Brightness and Contrast
To read about our monitor tests in-depth, check out Display Testing Explained: How We Test Monitors and TVs. We cover brightness and contrast testing on page two.
Uncalibrated – Maximum Backlight Level
We’re comparing the CV27F to a group of HDR screens with a mix of VA and IPS panels. There’s the Acer Nitro XV273K (4K), Acer Predator XB273K (4K), AOC Agon AG322QC4 (QHD), ViewSonic Elite XG350R-C (QHD) and 21:9 LG 34GK950F (QHD).
The Aorus CV27F is a VESA-certified DisplayHDR 400 monitor, which means it must meet 400 nits output. It surpassed that in our test, which shows a bright 472.6 nits. Interestingly, it didn’t get quite that high in HDR mode, though it still topped 400 nits (more on page four).
The CV27F recorded a ridiculously low black level of just 0.054 nit. It’s so far below the AOC’s number that it’s possible some sort of dynamic contrast is in play even though that feature is turned off. The resulting contrast ratio is a staggering 8,753.7:1.
After Calibration to 200 nits
After calibration to our settings and 200 nits brightness, the black level became even lower at just 0.0332 nit. The contrast ratio was also lower at 6,103.3:1 because we reduced the contrast slider to take care of a blue clipping issue in the grayscale test. This is still significantly more contrast than the next best performing screen in our group here, AOC’s AG3222QC4.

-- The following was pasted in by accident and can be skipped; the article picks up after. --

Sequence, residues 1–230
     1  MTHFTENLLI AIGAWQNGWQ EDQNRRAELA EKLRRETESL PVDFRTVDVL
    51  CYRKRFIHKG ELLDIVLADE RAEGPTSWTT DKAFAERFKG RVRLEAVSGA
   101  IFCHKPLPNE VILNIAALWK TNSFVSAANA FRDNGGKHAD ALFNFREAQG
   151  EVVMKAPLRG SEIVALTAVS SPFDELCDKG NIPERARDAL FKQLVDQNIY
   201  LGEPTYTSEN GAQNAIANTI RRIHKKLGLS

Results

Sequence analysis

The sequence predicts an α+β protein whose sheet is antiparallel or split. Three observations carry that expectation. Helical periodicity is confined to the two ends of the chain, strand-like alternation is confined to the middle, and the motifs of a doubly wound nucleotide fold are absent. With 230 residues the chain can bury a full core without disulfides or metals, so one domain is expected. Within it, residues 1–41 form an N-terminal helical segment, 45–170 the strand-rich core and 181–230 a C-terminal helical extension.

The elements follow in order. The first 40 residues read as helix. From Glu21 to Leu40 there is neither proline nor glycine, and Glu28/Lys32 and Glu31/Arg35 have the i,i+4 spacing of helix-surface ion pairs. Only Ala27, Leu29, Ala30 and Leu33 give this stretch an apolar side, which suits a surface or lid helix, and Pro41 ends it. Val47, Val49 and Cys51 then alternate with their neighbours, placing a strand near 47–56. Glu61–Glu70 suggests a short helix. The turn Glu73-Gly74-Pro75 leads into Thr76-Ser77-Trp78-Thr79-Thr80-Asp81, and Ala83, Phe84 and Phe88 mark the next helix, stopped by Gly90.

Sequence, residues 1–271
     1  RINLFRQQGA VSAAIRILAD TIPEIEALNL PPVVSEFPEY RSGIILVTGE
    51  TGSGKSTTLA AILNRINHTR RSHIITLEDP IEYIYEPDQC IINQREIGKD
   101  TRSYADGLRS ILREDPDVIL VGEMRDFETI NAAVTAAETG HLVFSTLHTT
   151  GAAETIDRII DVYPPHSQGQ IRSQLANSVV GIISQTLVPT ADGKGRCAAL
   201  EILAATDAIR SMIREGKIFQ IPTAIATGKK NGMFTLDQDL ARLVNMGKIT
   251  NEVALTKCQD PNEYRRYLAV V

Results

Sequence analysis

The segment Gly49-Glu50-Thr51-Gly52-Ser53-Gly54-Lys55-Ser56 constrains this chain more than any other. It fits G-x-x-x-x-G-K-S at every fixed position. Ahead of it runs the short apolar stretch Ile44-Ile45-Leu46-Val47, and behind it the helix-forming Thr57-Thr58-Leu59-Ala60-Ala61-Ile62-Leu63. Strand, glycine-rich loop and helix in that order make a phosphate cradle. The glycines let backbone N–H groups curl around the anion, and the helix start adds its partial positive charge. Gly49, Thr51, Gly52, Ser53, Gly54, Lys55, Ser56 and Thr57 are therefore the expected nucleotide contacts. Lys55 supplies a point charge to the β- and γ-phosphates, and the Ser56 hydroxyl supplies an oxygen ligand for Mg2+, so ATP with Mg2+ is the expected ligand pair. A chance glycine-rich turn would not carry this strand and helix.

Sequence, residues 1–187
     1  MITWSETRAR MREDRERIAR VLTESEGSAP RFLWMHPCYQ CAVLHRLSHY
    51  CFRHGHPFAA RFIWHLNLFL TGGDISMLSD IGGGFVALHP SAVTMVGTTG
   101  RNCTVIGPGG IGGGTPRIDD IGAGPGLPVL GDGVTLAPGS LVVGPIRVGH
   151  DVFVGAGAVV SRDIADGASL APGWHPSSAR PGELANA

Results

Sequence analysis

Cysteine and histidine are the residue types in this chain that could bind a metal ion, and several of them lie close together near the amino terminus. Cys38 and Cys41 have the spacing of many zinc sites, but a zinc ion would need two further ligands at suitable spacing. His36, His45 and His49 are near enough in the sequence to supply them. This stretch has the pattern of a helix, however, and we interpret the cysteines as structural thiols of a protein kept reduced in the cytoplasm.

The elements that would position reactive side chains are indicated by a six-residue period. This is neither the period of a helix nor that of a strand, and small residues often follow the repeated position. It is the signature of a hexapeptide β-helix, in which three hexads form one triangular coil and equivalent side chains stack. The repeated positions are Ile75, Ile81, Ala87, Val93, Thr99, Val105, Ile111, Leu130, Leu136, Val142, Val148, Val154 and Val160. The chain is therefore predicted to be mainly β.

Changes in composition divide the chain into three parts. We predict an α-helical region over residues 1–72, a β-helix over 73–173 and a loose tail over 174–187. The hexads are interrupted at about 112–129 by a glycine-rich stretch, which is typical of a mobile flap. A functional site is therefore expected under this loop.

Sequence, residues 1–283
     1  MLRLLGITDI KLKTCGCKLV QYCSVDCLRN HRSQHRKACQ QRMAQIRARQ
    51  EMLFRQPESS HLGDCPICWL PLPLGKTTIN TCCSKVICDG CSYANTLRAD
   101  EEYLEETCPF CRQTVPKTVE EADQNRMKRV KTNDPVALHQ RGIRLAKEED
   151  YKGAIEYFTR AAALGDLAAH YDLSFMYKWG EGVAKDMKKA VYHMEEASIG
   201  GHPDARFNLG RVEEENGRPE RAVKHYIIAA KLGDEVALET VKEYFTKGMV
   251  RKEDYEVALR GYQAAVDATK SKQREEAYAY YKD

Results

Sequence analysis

The ANSI test reveals the CV27F’s real-world dynamic range. 1936.2:1 is what we’d expect from a typical VA panel. Our pattern uses equal-sized black and white squares that produce a 50% average picture level. The black squares measure an average of 0.1 nit, an excellent result; although, it seems Gigabyte is using some sort of dynamic contrast feature. Luckily, no such thing is visible when playing games or watching video. The CV27F performs like any other VA monitor.
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